Small curs are not regarded when they grin;
But great men tremble when the lion roars;
—Queen Margaret, III.iA history play by William Shakespeare, Henry VI Part 2 is the second of three plays describing the end of The Hundred Years War and the outbreak of the Wars of the Roses. In this installment, King Henry VI meets his manipulative wife Margaret; the trusted Duke of Gloucester is assassinated; the people stage a rebellion; and Richard, Duke of York, plots to take control of the throne. The other plays in the series are Henry VI Part 1 and Henry VI Part 3.We begin with the marriage of Henry to Margaret — however, Suffolk's plan to dominate the King may be scuppered by the Duke of Gloucester: popular, honest and trusted by the king. He conspires with other members of the court to disgrace and then murder Gloucester, but is himself exiled and killed for the crime.Meanwhile, the Duke of York stakes his claim to the throne (which is at least as good as Henry's), and the Dukes of Salisbury and Warwick pledge their support. York is given the command of a Royal Army to suppress a rebellion in Ireland, but before he embarks, he arranges a rebellion against the crown by a former officer of his, Jack Cade. (This is the context of Dick the Butcher's immortal line, "The first thing we do, let's kill all the lawyers!") Cade claims to be descended from the same line as York — this will test the public's reaction to the claim, and also provide York with an excuse to return to England at the head of an army.Cade captures London, but proves himself to be a tyrant and Lord Clifford is able to persuade the commoners to abandon him in favour of King Henry. York returns with his army and, finding his thunder stolen by Clifford, declares that he wishes to protect the King from the treachery of Lord Somerset. When Henry rejects this, York openly declares his claim to the throne and, supported by his sons Edward and Richard, fights and wins a battle against the Royal forces. England's nobility choose sides as the King flees alongside Margaret and Young Clifford, whose father was killed in the battle.
This play provides examples of:
- Anti-Hero: Many. Not many real heroes.
- The Butcher: Dick the Butcher, whose title is a pun
- Cassandra Truth: Several people, including the witch Margery Jourdain.
- A Child Shall Lead Them: Henry mentions he was crowned at nine months old. Averted in that it's made clear that the ensuing power vacuum caused incredible civil strife.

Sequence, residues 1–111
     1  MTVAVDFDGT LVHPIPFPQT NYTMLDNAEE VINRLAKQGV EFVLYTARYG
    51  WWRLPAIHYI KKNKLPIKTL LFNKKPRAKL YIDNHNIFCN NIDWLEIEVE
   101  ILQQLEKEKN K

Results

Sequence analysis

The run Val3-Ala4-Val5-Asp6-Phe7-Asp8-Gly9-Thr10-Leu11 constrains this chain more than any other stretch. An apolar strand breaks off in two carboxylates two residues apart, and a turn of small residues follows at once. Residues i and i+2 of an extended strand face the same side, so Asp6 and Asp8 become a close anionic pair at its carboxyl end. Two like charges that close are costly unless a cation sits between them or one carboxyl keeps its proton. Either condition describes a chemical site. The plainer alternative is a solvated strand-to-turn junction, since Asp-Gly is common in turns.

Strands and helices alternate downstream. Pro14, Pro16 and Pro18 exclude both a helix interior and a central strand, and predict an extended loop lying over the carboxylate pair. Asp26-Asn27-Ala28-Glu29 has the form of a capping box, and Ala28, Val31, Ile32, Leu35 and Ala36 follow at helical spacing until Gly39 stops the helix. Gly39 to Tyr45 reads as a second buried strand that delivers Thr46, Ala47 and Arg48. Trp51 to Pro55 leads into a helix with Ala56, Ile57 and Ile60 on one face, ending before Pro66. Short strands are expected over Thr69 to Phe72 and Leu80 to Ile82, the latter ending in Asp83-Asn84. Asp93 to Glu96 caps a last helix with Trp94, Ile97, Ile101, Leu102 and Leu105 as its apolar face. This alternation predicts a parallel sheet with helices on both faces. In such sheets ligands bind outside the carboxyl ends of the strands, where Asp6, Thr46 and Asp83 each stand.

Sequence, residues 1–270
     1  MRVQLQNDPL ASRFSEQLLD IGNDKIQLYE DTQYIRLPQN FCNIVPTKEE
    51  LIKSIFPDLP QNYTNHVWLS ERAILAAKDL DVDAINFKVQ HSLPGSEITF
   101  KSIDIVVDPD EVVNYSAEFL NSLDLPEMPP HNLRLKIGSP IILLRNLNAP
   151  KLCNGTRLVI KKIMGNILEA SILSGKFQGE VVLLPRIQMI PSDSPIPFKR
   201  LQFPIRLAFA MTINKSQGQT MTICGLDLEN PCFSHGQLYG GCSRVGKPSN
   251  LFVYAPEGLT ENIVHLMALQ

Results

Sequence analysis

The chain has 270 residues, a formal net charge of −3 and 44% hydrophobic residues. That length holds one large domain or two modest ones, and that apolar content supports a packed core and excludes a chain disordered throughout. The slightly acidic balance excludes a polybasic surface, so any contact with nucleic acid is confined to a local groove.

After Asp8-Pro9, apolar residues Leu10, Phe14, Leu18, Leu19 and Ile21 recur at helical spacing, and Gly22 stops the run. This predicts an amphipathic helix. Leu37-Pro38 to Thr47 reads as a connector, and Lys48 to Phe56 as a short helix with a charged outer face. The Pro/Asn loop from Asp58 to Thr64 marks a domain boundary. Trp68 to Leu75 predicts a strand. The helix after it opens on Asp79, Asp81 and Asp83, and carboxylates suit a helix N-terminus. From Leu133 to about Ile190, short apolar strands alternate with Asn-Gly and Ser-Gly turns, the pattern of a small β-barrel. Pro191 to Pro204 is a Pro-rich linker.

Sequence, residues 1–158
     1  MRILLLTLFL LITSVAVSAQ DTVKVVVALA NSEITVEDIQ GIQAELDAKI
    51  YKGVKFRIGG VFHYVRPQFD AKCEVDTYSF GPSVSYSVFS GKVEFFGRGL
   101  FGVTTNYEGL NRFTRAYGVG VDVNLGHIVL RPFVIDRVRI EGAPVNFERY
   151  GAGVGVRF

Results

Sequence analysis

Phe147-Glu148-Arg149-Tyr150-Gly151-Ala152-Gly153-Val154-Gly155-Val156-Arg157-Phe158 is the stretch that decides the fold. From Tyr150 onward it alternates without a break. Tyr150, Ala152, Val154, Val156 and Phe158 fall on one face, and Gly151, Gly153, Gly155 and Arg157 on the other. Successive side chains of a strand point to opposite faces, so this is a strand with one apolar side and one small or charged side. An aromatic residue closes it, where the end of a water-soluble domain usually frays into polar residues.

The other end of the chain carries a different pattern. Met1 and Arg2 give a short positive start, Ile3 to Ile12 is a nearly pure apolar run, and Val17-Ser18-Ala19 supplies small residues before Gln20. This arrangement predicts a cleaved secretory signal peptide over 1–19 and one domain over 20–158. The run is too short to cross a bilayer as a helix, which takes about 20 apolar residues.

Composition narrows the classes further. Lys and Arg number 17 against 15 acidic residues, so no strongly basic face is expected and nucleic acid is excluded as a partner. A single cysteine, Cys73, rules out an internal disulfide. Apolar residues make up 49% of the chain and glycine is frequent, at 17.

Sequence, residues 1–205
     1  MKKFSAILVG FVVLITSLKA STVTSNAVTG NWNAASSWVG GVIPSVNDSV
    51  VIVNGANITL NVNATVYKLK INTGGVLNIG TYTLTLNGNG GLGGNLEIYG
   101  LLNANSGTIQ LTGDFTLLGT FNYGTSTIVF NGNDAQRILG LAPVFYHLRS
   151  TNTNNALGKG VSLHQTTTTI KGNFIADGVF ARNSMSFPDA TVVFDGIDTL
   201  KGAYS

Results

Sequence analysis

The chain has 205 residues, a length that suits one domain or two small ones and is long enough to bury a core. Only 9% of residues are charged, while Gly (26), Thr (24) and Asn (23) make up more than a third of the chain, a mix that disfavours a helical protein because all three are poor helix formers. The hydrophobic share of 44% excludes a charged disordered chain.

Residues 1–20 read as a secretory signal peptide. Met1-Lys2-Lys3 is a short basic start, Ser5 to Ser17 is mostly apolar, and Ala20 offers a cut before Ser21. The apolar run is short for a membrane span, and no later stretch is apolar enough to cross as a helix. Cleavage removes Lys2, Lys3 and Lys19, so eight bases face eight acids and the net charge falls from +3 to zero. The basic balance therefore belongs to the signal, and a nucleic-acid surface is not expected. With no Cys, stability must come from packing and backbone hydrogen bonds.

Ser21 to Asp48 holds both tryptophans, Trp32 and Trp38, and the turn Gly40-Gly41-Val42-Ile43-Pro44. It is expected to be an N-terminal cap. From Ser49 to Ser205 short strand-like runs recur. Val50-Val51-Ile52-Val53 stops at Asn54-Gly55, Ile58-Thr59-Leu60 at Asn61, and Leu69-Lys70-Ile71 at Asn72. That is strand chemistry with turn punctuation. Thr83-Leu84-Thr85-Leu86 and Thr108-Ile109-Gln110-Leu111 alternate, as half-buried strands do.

- The Clan: Several, but especially the House of York.
- Decapitation Presentation: There are lots of disembodied heads floating around in this play, and although this action is not mentioned explicitly in the stage directions many directors do it anyway, 'cause it looks
- Decoy Leader: Cade, who is standing in for Richard of York
- Everyone Is Related: Expected, given that almost every major character is of noble blood and there's not that much to go around.
- Evil Lawyer Joke: Cade's declaration in Part II that "The first thing we do, let's kill all the lawyers."
- Feuding Families: York and Lancaster.
- Finishing Each Other's Sentences: One performance of part 2 has the pirates finish Suffolk's last speech.
- God Save Us from the Queen!: Margaret is quite happy to go into battle in place of her husband (in Part 3, she personally supervises the death of Richard of York).
- Handicapped Badass: Richard Gloucester's pretty good in battle, in spite of his crooked back, gimp arm, and short leg.
- Let's not even talk about the fact that historically, he would only have been 2 1/2 years old at the time of the Battle of St. Albans... Look at that toddler swing that battleaxe!
- Historical Villain Upgrade: Jack Cade. He was not this much of a buffoon and manipulator, or deceiver (he did take the Mortimer name, but only to express solidarity). If anybody deserved vilification, it was Lord Say.
- Loads and Loads of Characters
- Meaningful Name: The rebel Jack Cade is killed, restoring peace, in a garden by a bloke called Alexander Eden.
- Actually Alexander Iden, which was the name of the real man who killed Jack Cade.
- Non-Action Guy: Henry VI, a bookish and pious ruler when England really needed a strong warrior.
- Obfuscating Disability: Humphrey Gloucester proves that a man who claims to have been divinely cured of blindness is a charlatan.
- Persecuted Intellectuals: Dick The Butcher's line "The first thing we do, let's kill all the lawyers" can be interpreted as a standard Evil Lawyer Joke; however, the implication is that without lawyers, there would be nobody who knows any law to get in the way of Jack Cade's autocratic rule.
- Prophecy Twist: All three prophecies by Margaret Jourdain's evil spirit.
- Sarcastic Devotee: Dick the Butcher, who counters every statement Cade makes with a joke, but is still the greatest fighter in his rebellion
- Sinister Minister: The Bishop of Winchester, later Cardinal of Winchester, is half brother to the Duke of Gloucester and openly wars with him for control of the crown.
- Start of Darkness: Richard Gloucester, on his way to becoming Richard III.
- Turn Coat: Warwick once.